Researchers need to be aware of the pitfalls in dating. In England, from about the late 12th century until 1751, the civil, ecclesiastical and legal year began on 25 March, nearly three months later than the change of the historical year on 1 January. In addition, there were other dating conventions, such as the year beginning from 25 December in Anglo-Saxon and Norman times. Eastern dating is based on either the solar or lunar calendar.
Further information and resources for converting dates to modern Western conventions:
Various types of dating including the Julian and Gregorian calendars, and civil and historical years.
Includes Iranian (Persian or Jalali Calendar), and Islamic (Hijiri Calendar).
The book trade
Tracing and dating printers, publishers, booksellers, bookbinders, printmakers, stationers, papermakers, engravers, and others.
Philip A.H. Brown, London publishers and printers c.1800-1870 (London: British Library, 1982)
William B. Todd, A directory of printers and others in allied trades: London & vicinity 1800-1840 (London: Printing Historical Society, 1972)
M. Pollard, Dictionary of members of the Dublin book trade 1550-1800 (London: Bibliographical Society, 2000)
Charles Humphries and William C. Smith, Music publishing in the British Isles from the beginning until the middle of the nineteenth century: a dictionary of engravers, printers, publishers and music sellers, with a historical introduction, 2nd ed (Oxford, Basil Blackwood, 1970)
British book trade index (BBTI)
An index of names with brief biographical details, of people working in England and Wales who were trading by 1851.
Scottish book trade index (SBTI)
Lists the names, trades and addresses of people working in Scotland up to 1850.
London book trades database
Contains entries for just over 30,000 individuals active in the London book trades from the introduction of printing to around 1830. Emphasis is placed on recording specific events in each individual's life, and on recording the inter-relationships, both familial and professional, within the trade.
Ellic Howe, List of London bookbinders 1648-1815 (London: Bibliographical Society, 1950)
Charles Ramsden, London bookbinders 1780-1840 (London: Batsford, 1956)
Charles Ramsden, French bookbinders, 1789-1848 (London: C. Ramsden, 1950)
Charles Ramsden, Bookbinders of the United Kingdom (outside London) 1780-1840 (London: Queen Anne press for the author, 1954)
Ellic Howe, Society of London bookbinders, 1780-1951 (London: Sylvan Press, 1952)
For further into the 19th century and early 20th century, see the microfiche of Kelly’s London Directories, available in the main Reading Room.
For tracing the movement of books through the British auction system from the late 19th century onwards:
Book prices current (vol.1 1887- vol.64 1952-56)
Lists the prices at which books reached at auction and includes the buyer. At the beginning of each volume is an index of the name of the sale (the name of the owner of the library being auctioned), date of first sale, and auctioneer. There is an index of titles at the end of each volume. There are cumulative index vols for the years 1887-1896 and 1897-1906, and an index to the years 1907-1916. The actual first auction listed in volume 1 is December 1, 1886.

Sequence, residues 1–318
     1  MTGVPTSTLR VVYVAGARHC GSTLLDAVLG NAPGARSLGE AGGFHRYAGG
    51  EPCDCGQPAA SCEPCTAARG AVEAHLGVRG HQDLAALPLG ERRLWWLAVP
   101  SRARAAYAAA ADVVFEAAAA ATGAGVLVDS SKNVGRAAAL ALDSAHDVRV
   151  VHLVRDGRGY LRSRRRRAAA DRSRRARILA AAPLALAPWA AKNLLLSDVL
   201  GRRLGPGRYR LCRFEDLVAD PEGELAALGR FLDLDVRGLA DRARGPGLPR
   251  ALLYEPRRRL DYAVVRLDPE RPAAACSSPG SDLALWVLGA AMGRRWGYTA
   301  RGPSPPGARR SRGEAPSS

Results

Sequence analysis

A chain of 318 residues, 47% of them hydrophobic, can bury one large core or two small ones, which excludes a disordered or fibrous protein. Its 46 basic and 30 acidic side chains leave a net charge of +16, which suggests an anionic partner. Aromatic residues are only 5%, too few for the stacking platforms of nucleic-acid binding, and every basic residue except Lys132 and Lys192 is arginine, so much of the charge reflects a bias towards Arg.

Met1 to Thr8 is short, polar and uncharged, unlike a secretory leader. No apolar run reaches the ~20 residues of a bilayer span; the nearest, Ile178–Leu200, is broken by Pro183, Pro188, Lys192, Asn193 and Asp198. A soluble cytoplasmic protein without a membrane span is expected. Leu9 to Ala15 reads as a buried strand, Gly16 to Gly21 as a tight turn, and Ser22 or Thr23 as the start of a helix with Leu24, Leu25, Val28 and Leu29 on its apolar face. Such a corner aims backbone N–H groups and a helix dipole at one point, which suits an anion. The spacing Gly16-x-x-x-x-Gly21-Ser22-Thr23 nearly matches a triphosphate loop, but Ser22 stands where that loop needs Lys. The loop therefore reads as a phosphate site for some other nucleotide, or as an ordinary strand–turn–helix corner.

Book auction records vol.1 (1903)-vol.95 (1997)
Lists titles sold by date, then auctioneer. Gives buyer and price paid. General indices are available for some years 1924-1933, 1963-1968, 1968-1972, 1979-1984. The actual first sale listed in volume 1 is June 3, 1902.
English Short Title Catalogue (ESTC) | Alternate url
Provides current information on the distribution of all books produced by letterpress in Great Britain or any of its dependencies, in any language, worldwide, from 1473 to 1800.
Incunabula Short Title Catalogue (ISTC)
Lists nearly every item printed from moveable type in Europe before 1501 (excluding material printed entirely from woodblocks or engraved plates) and their holdings. Incunabula (incunables in English), are the earliest books printed in the West, printed between 1450-1501.
Book trade in New Zealand
There is no equivalent book trade dictionary or online index for New Zealand at this stage, but a good starting point is Papers Past, where you can search for booksellers, bookbinders, stationers, auctioneers, libraries etc., as well as specific names that you already know. This will establish when and where these tradespeople and organisations were active.
P.A. Lawlor, Books and bookmen New Zealand and overseas (Wellington: Whitcombe & Tombs, 1954)
Provides personal recollections of various aspects of the booktrade as Lawlor saw it.
The Wellington book trade
Book and Print in New Zealand: a guide to print culture in Aotearoa (Wellington: Victoria University Press, 1997)
Record page | Read online
Contains introductory chapters on the transition from the oral traditions of the Maori to print, printing and production, publishing, distribution, readers and reading, and print culture in other languages.
Guy H. Scholefield, Newspapers in New Zealand (Wellington; A.H. and A.W. Reed, 1958)
Norman Lloyd McLeod, Wellington prospect: survey of a city 1840-1970 (Wellington: Hicks Smith, 1970)
K.A. Coleridge and Roderick Cave, Early printing in New Zealand: two papers (Wellington: Dept of Librarianship, Victoria University of Wellington, 1989)
Kathleen Coleridge, ‘Booktrade advertisements in Wellington newspapers 1840-1859’, Bibliograpical Society of Australia and New Zealand bulletin 18.4 (1994): 199-213
Kathleen Coleridge, ‘Edward Catchpool, master printer in London and Wellington’ in An index of civilisation: studies of printing and publishing history in honour of Keith Maslen, ed. R. Harvey, W. Kirsop and B.J. McMullin (Melbourne: Monash University, 1993), pp.175-185